Because of the way the semifinals took place this season, three singers entered Wednesday’s performance show with a lot to prove.
Wild-card entrants Naima Adedapo, Stefano Langone and Ashthon Jones are still here not because the viewers like them, but because the judges do. None were among the top five vote-getters of their gender just last week, so they all knew that to stick around, they had to make up some ground on the competition.
Of those three, Adedapo did the best job of standing out, but it wasn’t because of her vocals. She clipped a lot of the lyrics in the first part of her cover of Rihanna’s “Umbrella” and didn’t look to be singing with enough power … until she exploded into a dance-filled reggae performance that had the judges and the audience perking up and taking notice.
Her voice wasn’t among the best of the night, but her stage presence was unmatched. If viewers don’t get her, or just don’t like what she has to offer, at least she’ll leave knowing she gave it her best shot and turned an overplayed song into something that sounded original.
Langone also did a nice job morphing Stevie Wonder’s “Lately” into a dance mix. His stage performance was frenetic, and it might not be enough to get him out of the bottom three, but it was a lot better than his semifinal effort.
Jones, however, may be in trouble. She sang third, right after Lauren Alaina and Casey Abrams, and right before Paul McDonald and Pia Toscano. Surrounded by four of the best voices and entertainers in the competition, Jones’ Diana Ross impersonation with “When You Tell Me You Love Me” looked flat, and the fact that she didn’t have the fan support last week doesn’t bode well for her here.
‘Idol’ women struggle
For the wild cards to move up in the rankings, some of the early fan favorites would have to drop to the back of the pack. Several of the remaining “Idol” women are in the biggest danger of that.
Karen Rodriguez got the dreaded “You look so beautiful tonight” from J.Lo after her performance of Selina's “I Could Fall In Love.” Regardless of the changes on the judges’ podium, one thing remains constant: When the first comment is about how great a singer looks, it’s always followed by something like “... but the vocals were bad.” These particular judges were too nice to come right out and say it that harshly, but they looked like they were thinking it.
Thia Megia sang Michael Jackson’s “Smile,” got lukewarm feedback, and put on her pouty face. She’s probably safe anyway, but will need to pick better songs and handle criticism better to make it to the end. She’s also fortunate that the show draws a younger audience, since not knowing who Charlie Chaplin was could have been fatal if there were more viewers who remembered catching “The Little Tramp” in theaters.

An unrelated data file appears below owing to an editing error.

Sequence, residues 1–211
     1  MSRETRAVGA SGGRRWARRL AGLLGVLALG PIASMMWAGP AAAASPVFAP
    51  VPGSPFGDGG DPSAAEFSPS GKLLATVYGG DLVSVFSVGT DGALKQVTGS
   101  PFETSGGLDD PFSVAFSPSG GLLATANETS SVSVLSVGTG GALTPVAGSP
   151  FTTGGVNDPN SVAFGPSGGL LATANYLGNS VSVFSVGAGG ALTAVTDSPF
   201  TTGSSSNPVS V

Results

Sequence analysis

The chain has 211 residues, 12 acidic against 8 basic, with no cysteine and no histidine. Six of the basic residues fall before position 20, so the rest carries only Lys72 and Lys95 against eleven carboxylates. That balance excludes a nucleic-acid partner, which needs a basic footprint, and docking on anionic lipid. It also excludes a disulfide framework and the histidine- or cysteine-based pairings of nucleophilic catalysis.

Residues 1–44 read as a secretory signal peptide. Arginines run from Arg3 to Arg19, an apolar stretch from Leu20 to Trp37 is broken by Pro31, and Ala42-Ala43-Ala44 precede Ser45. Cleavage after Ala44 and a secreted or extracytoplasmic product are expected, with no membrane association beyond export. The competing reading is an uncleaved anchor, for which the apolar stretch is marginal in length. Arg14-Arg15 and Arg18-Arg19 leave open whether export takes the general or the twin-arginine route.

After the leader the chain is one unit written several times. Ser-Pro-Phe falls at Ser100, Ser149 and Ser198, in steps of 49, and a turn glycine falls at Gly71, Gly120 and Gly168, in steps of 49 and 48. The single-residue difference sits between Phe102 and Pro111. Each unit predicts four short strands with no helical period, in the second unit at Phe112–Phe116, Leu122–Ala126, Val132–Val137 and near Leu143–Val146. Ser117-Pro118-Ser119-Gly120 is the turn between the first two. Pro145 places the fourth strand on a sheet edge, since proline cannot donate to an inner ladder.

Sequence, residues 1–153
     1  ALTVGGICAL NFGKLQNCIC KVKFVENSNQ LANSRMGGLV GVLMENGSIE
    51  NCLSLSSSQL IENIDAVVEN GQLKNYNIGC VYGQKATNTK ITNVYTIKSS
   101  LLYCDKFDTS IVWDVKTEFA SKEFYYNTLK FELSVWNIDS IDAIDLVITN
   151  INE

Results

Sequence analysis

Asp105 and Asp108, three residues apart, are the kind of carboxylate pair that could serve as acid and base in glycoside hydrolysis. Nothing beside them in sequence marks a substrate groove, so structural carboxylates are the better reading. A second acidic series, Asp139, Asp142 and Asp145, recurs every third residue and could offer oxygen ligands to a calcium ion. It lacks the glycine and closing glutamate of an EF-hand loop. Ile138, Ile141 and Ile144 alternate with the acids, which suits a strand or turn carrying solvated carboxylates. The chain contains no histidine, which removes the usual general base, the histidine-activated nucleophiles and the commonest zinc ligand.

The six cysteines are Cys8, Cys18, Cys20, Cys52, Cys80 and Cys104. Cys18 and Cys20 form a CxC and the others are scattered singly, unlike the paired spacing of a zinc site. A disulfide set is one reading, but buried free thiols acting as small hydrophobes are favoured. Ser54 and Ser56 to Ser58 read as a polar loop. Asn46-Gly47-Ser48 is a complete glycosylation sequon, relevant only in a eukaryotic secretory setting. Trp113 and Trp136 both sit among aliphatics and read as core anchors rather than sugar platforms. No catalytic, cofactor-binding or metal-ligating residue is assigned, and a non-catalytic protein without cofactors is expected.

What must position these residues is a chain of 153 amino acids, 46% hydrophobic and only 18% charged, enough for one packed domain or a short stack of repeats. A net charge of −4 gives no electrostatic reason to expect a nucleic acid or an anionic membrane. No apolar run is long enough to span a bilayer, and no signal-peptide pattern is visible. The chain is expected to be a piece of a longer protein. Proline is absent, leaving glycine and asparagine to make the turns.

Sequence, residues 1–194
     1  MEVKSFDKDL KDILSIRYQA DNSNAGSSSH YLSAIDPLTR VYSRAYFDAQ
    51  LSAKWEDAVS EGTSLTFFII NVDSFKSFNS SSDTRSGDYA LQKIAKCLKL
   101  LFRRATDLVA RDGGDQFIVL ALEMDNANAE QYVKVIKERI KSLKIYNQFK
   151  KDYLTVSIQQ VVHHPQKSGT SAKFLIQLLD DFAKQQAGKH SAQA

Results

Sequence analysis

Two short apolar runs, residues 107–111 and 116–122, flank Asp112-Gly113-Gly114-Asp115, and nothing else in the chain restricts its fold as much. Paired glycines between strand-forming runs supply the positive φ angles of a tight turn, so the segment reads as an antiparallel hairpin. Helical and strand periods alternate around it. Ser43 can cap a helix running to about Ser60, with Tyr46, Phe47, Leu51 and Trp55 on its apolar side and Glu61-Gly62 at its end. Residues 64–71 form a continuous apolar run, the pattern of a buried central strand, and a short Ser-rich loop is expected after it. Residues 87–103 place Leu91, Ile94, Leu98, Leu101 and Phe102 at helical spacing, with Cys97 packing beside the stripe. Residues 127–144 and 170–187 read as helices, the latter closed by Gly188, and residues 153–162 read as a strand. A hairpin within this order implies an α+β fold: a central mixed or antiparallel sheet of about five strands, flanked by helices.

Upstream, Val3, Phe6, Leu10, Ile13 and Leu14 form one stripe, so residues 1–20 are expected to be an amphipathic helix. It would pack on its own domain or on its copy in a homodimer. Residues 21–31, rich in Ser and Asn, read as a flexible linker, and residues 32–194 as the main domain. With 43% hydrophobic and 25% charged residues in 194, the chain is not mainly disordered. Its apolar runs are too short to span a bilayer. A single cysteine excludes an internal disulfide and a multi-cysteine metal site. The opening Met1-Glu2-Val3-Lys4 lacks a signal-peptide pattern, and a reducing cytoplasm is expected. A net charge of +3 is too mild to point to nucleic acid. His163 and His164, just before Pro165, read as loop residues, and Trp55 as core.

And Haley Rinehart was, as Randy said, “a little sleepy and a little boring.” If she were auditioning for Jimmy Iovine and the music crew, she’d be in great shape because LeAnn Rimes’ “Blue” is a tricky song to sing and Rinehart performed it fine. But for all of its difficulty, it’s not the kind of melody that gets everyone up and out of their seats.
Toscano and Alaina, on the other hand, have nothing to worry about. Toscano again received nothing but high marks for Celine Dion’s “All By Myself,” and though Alaina got her first non-rave reviews for her version of Shania Twain’s “Any Man of Mine,” she smiled and nodded gracefully because she knew she’d be back as long as she managed not to beat them up with her microphone.
No surprises among the guys
None of the men who got the most votes a week ago did anything to hurt themselves this week.
Abrams, James Durbin, Jacob Lusk and Scotty McCreery all received lavish praise and can rest easy. Durbin got particular mention for going from Judas Priest to Paul McCartney in back-to-back weeks, while Abrams and Lusk just kept on doing what they do so well.
“You are a rainbow of talent, man. You are a plethora of passion,” Steven Tyler told Abrams. Who knew the Aerosmith frontman could define the word “plethora”?
Meanwhile, McDonald got a little more tepid praise. “I hope America gets it. I don't know Ryan Adams or that song,” J.Lo said. That’s OK, J.Lo — Adams hasn’t heard of you either.
But anyone who liked McDonald a week ago probably liked this performance as well, though the Sergeant Pepper jacket may not have been the best idea in the world.
Teenage boys tend not to do well in this competition, but Scotty McCreery looks more self-assured than most as he tries to buck that trend.
He picked a country song, Garth Brooks’ “The River,” and Jimmy Iovine asked him if he was ever going to change things up. McCreery gave a polite response that boiled down to “probably not.”
Randy’s a fan of that decision. “If it ain't broke, don't even think about fixing it,” he said.
Craig Berman is a frequent contributor to TODAY.com. Want the latest reality television and TV news? Follow us @TODAY_Clicker.